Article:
There’s a reason that football is widely monikered ‘the beautiful game’, and it’s due to mavericks like Francesco Totti. To many, Totti is remembered as a one-club man, a legend of the sport who gave his entire career to his beloved hometown side, AS Roma.
For others (mainly found in the darkest corners of social media), he is an overrated, overhyped wannabe who either wasn’t good enough to land a move to a bigger team, or didn’t have the bottle to venture outside of the Italian capital to taste success elsewhere.
Those people, of course, are wrong.
Totti is an example of what every young boy and girl who loves football dreams of becoming: the most celebrated hero in their city. It helped Francesco then, that his city was little old Roma. In a career that spanned over 25 years, amassing more than 300 goals and almost 800 appearances, Totti managed to lift the Serie A title only once.
But the superstar has always proudly declared that one title success with Roma was worth more than 10 trophies with any other club – and if his celebrations upon scoring in the final day victory over Parma in 2001 were anything to go by, then the boy was telling the truth.
Through thick and thin, alongside star-studded squads in the early 2000s and some pretty poorly-assembled sides in the later years, he stayed loyal to the team he had supported as a child, each year aiming to deliver one final success to his followers. Luckily for Totti, just pulling on the Giallorossi shirt each week was enough to bring tears of joy to Romanista eyes.
But before all of this, before the goals, the fame, the glory, the pain, the idolisation, Francesco Totti was just a boy, who closed his eyes every night and dreamt of setting foot on the Stadio Olimpico turf.
This infinite love story almost came to an end before it had even started though, when giants Milan attempted to lure an up-and-coming Totti away from Rome and to the economic capital. But luckily for the starlet, Fiorella Totti, the protagonist of this particular story, and mother of Francesco,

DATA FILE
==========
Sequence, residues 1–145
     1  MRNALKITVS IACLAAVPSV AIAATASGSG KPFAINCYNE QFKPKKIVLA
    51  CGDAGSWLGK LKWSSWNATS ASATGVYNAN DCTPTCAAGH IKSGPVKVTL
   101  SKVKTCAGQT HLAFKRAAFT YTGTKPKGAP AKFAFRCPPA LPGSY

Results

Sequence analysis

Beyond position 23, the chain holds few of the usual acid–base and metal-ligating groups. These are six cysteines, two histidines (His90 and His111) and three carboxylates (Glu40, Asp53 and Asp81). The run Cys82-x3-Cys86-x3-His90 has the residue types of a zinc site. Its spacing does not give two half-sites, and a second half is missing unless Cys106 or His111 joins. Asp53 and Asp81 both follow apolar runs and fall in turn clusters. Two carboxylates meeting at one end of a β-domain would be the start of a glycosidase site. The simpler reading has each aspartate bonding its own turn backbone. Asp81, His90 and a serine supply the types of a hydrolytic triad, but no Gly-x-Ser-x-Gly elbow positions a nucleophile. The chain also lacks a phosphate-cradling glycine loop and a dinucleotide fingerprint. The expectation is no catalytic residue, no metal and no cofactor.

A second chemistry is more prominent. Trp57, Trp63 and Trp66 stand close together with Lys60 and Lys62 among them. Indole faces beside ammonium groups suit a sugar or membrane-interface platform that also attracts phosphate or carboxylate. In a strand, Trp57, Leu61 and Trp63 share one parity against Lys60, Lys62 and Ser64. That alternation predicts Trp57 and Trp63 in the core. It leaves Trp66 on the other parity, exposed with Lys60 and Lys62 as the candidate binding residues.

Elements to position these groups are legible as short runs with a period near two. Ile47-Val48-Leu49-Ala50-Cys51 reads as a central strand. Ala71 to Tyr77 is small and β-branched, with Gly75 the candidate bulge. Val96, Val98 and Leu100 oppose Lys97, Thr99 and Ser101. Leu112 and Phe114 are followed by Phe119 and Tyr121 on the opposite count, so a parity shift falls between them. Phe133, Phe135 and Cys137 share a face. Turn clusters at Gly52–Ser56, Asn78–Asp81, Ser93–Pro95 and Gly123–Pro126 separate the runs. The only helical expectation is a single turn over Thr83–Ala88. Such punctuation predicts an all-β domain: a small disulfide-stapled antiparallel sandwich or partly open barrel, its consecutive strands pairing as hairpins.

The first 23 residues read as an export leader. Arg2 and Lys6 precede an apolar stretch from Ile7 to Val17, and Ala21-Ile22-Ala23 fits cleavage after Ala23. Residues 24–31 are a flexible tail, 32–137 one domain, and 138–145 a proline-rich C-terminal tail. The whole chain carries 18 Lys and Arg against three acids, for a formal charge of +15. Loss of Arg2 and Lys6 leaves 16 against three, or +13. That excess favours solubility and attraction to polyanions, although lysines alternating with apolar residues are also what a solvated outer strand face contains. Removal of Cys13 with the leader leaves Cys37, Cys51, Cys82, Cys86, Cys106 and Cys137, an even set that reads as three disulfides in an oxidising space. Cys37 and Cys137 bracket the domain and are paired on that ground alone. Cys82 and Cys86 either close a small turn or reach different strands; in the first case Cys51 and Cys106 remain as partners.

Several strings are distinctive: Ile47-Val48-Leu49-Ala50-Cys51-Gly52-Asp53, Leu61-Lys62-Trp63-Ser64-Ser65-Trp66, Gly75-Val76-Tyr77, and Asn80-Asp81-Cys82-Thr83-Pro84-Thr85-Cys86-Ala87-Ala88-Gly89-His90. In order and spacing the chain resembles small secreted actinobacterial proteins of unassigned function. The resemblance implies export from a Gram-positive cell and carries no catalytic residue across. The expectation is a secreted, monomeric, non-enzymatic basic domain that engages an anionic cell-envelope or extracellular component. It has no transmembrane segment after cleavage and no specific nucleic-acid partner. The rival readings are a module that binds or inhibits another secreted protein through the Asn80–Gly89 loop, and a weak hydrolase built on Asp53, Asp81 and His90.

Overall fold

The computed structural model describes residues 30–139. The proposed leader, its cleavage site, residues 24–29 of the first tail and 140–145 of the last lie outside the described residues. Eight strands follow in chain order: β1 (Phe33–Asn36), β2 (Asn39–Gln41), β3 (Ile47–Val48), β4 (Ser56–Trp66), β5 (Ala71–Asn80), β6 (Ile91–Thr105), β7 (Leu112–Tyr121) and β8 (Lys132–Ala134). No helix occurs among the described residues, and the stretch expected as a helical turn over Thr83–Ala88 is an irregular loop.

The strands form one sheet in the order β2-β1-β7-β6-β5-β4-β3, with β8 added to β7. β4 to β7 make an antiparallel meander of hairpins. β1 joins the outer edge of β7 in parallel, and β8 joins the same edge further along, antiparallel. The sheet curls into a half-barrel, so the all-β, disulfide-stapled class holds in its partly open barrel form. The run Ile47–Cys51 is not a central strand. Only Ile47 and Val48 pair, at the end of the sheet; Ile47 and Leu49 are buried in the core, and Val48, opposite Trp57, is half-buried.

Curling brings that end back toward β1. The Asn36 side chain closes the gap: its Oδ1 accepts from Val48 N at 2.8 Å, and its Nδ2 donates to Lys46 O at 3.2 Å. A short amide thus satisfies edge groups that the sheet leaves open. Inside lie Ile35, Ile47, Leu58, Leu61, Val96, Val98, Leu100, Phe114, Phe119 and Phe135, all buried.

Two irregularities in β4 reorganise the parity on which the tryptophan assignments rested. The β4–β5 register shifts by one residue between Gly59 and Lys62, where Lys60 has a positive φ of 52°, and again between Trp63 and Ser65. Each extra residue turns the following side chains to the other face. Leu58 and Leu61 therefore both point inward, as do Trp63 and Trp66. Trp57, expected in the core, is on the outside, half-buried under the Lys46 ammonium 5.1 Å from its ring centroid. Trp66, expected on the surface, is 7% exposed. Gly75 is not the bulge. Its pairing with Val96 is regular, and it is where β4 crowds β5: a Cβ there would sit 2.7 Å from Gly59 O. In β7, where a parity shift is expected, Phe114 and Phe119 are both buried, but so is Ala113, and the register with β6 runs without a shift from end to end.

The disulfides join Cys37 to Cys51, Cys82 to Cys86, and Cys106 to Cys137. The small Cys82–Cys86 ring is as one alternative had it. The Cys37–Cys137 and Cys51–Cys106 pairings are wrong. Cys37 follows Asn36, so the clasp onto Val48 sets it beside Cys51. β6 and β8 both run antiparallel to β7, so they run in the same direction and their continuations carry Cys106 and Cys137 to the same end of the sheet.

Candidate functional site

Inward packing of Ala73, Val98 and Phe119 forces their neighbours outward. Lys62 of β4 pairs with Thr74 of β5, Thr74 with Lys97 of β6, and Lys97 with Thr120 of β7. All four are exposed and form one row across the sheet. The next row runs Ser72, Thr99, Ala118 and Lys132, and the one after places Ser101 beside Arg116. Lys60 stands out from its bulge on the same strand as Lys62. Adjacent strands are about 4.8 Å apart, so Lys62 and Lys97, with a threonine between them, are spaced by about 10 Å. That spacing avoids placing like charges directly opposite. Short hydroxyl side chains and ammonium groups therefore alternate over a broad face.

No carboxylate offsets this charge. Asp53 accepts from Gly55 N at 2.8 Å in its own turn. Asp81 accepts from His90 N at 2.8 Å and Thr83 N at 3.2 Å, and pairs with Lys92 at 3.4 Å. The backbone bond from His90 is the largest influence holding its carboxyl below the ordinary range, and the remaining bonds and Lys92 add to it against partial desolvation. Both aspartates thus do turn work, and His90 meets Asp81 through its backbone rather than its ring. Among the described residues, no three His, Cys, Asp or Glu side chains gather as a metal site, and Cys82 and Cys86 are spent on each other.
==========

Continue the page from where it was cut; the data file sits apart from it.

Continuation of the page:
politely declined their advances for her boy.
He was to become the King of Rome, after all, and she had foreseen the destiny of her young prince. And on 28 March 1993, her premonitions began to take shape. In the 87th minute of a routine 2-0 victory away at Brescia, a wiry, precocious 16-year-old took to the field for the very first time in his professional career.
Little did anyone know, but they had just witnessed the first steps of Er Bimbo de Oro. The Golden Boy.
Totti showed from an early age that technically, he was able to mix it with the very best. There was an aura that followed him around the pitch, an intelligence that others struggled to comprehend, and the dainty, majestic touch of a boy born to dazzle.
The exciting teen was only a young boy however, trying to compete with the physical and defensive expertise of a man’s game. So for the time being, we had to make do with only one more appearance during the 1992/93 campaign.
His first year in professional football wasn’t quite finished there, though. Totti was flying through the youth ranks with Italy, and he featured in both the Under-16s European Championships, and the Under-17 World Cup in the same summer of 1993.
Totti helped Gli Azzurri finish top of a group that consisted of France, Portugal and Russia, and the Italians went on to reach the final, where they would face Poland. Unfortunately, the young forward was suspended for the big match, and he was sorely missed, with their rivals picking up a 1-0 victory to lift the trophy.
But as mentioned, the forward wasn’t finished there. Totti was part of the Italy side which crashed out of the Under-17 World Cup at the group stages, although he did score an absolute screamer in a 2-1 defeat to Mexico.
Picking the ball up in the centre of the park, the magician looked up to see two opponents blocking his path to goal. In the blink of an eye, Totti had chipped a delightful pass between the hapless adversaries, and then breezed past them without hesitation.
His teammate was on the same wavelength, and clearly remembering the game plan – which probably consisted of ‘give the ball to Totti’ – he laid a pass back into the path of the number 11. Now standing bang centre of the goal, about 30 yards from the posts, Totti released a thunderbolt of a strike without even breaking stride, which curved and swerved to the keeper’s left and into the top corner.
It was the goal of a champion.
My father always told me, ‘If you find that you’re the smartest person in the room, you’re in the wrong room.’ Luckily, that specific situation has rarely befallen this particular writer, but on that day in 1993, it was clear that young Totti had an IQ superior to everyone around him.
He was destined for bigger and better things, and there was no limit to what he could achieve in Rome and with his nation. One league title, a handful of domestic trophies, a World Cup, and the most breathtaking of careers later, a living legend now walks in our midst.
Long live the King.